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Posts published by “Charlotte Kramon”

Election season is here, and candidates want your vote. Do signs matter?

Clusters of campaign signs across Durham vie for people’s attention. Some display slogans or a picture of the candidate, but all were designed to capitalize on the split second of attention they receive from voters.

Mayoral candidate Elaine O’Neal’s signs are the simplest, with a light blue background and “O’NEAL” in large white letters. Javiera Caballero, who suspended her mayoral campaign on Oct. 11, hired a local designer to create her signs based on input from her supporters. They say “VAMOS BULL CITY-JAVIERA FOR MAYOR” in white lettering with a purple background. (Caballero’s campaign materials always have a purple theme). 

Ward III City Council candidate AJ Williams’s signs are decorated with several colors, slogans such as “Honor the Legacy”, and a photo of himself. They differ from the other simpler signs. From the start of his campaign, he saw yard signs as key investments. “Yard signs are a way to really maximize your ability to be seen across the city, even if you can’t knock every door, or make every phone call,” Williams said. “Durham is a city of over 300,000 people and the truth of the matter is, you’re not going to be able to contact all 300,000.”

Williams believes his nearly $5,000 investment in signs paid off in significant ways. People recognize him from his signs, even when he wears a mask. The vibrant graphic, combined with the image of his face, was intended to stand out. “I’m glad we made the decision to really do something different,” Williams said.

Durham voter Jimmy Lamont wishes more signs had photos of the candidates. He voted in the primary because his son knows one of the mayoral candidates. He’s unfamiliar with many of the other candidates, but he thinks adding pictures to campaign signs would help. “I don’t know none of these people,” Lamont said, gesturing toward the signs.

In the book “Winning Elections: Political Campaign Management, Strategy, and Tactics,” Becky West of Campaigns & Elections advised candidates to use simple yard signs and logos that emphasize their names. She added that signs should include minimal colors and bold lettering so that voters can see the candidate’s name. “Plan for simplicity,” she wrote. “An effective logo needs only the candidate’s name, the office sought, and possibly a simple graphic symbol.”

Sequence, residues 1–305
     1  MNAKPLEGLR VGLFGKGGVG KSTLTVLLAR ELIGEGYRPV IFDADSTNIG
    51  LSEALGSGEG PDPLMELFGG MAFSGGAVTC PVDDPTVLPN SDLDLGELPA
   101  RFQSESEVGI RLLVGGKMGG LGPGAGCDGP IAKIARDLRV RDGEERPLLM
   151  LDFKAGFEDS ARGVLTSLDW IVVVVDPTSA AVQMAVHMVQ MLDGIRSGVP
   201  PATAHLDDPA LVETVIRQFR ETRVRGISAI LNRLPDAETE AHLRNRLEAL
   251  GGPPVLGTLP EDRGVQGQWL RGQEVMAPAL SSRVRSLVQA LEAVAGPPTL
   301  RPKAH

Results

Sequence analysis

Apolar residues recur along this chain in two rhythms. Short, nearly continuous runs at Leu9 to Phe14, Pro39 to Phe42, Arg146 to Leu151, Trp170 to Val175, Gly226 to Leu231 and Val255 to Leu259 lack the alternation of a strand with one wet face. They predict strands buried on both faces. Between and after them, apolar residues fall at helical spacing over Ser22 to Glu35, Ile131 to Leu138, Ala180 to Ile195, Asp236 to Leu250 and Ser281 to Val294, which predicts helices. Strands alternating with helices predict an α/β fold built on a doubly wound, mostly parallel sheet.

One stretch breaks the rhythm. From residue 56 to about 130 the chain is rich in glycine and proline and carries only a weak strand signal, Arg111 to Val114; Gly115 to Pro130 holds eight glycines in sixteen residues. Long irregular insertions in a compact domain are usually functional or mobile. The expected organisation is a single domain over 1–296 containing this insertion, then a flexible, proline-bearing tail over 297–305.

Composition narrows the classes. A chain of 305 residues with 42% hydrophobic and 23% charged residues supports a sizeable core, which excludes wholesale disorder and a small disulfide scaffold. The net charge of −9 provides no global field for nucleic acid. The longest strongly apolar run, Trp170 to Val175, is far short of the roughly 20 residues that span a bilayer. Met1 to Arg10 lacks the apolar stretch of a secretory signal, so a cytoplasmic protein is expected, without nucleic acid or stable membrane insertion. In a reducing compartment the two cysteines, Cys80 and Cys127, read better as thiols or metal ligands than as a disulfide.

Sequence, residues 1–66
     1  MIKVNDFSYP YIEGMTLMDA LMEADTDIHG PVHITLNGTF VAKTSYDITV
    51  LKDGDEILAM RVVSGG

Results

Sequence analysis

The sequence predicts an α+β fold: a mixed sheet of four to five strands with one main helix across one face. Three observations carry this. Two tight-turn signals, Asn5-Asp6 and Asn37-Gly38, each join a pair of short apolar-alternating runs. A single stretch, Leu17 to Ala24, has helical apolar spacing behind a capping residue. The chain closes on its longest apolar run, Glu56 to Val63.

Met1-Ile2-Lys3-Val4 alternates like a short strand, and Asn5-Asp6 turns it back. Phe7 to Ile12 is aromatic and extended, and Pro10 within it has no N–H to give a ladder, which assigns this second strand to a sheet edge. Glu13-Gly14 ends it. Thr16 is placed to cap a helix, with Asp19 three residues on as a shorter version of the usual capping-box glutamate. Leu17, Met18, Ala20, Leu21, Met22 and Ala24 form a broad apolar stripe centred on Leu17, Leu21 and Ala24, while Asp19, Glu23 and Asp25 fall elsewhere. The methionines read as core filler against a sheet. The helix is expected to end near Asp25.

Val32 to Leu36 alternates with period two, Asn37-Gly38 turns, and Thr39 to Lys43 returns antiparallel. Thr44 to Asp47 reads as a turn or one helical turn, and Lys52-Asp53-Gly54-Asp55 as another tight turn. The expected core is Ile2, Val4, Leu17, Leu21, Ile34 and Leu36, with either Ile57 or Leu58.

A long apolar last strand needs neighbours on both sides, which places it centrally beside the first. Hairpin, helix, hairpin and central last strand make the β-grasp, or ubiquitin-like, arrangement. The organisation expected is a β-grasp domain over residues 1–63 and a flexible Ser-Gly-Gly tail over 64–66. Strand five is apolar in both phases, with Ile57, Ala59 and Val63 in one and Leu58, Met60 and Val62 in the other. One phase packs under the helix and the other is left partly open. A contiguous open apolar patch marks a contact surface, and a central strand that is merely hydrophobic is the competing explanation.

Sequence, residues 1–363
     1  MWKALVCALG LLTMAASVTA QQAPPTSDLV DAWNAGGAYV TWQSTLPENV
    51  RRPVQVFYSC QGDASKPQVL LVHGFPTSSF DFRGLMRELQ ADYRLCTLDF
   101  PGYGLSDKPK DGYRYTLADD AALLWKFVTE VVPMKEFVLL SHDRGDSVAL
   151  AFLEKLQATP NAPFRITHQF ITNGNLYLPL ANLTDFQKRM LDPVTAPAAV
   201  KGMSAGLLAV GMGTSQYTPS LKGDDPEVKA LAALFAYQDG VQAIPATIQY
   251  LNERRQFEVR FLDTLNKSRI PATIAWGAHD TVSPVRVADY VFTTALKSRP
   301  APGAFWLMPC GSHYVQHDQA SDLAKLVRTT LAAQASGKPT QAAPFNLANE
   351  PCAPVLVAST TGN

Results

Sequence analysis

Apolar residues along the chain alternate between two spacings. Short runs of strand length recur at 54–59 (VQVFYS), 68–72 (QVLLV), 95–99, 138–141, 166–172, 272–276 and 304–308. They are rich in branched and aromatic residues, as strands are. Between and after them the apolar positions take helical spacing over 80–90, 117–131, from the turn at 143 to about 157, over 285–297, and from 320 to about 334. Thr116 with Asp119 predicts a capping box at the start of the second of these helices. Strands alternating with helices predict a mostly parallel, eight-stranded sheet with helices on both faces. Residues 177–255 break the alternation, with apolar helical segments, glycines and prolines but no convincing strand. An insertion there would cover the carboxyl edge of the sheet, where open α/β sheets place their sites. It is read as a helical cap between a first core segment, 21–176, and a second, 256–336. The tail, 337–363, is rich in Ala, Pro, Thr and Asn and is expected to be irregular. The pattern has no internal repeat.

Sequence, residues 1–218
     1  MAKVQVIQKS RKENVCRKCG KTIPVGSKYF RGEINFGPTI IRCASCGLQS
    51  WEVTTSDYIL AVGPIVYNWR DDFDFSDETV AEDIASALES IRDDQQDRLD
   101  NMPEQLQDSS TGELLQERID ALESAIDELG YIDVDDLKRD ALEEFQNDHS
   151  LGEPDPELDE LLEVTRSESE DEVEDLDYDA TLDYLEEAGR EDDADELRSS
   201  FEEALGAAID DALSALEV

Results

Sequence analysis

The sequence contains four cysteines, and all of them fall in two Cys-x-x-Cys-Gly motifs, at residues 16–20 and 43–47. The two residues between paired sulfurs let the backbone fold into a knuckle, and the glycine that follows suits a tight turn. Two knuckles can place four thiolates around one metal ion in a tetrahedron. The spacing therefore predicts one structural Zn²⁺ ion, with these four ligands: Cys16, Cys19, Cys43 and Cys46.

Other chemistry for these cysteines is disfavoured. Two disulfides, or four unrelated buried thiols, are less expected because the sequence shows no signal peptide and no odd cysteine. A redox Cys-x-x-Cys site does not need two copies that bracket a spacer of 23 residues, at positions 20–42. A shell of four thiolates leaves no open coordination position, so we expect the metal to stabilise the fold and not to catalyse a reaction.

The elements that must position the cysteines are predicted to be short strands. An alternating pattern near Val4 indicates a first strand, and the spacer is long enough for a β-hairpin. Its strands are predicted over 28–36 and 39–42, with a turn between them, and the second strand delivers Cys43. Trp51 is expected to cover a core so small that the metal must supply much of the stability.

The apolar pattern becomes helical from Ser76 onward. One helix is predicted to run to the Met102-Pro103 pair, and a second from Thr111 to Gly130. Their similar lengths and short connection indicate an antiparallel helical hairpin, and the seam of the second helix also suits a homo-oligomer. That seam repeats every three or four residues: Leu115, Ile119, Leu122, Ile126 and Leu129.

Signs may not be the decisive factor in a campaign, but they have a measurable impact. One study found that signs “had an estimated effect of 2.5 percentage points.”

Zach Finley, Javiera Caballero’s campaign manager, explained that campaigns try to place signs in strategic locations to “get the most bang for your buck.” Areas like intersections have high traffic rates, making them optimal locations for signs. He added that engaged supporters “really enjoy” putting signs up in their yards.

The cost per sign depends on various factors, but usually hovers around $2-$2.50. Finley said that Caballero’s campaign signs were more expensive than average due to their unique colors and material. Her campaign spent $2,433 on yard signs. O’Neal’s campaign spent $4,239.

Many Durhamites say that while signs boost visibility, candidates should prioritize engaging with constituents in more meaningful ways. “I had a hundred and something signs,” said Jan Oartie, who previously ran for Durham Soil and Water Conservation District supervisor. “But it’s more about me going out to meet people. I’d go to a farmers market and give out water. I’d be downtown when they had events.”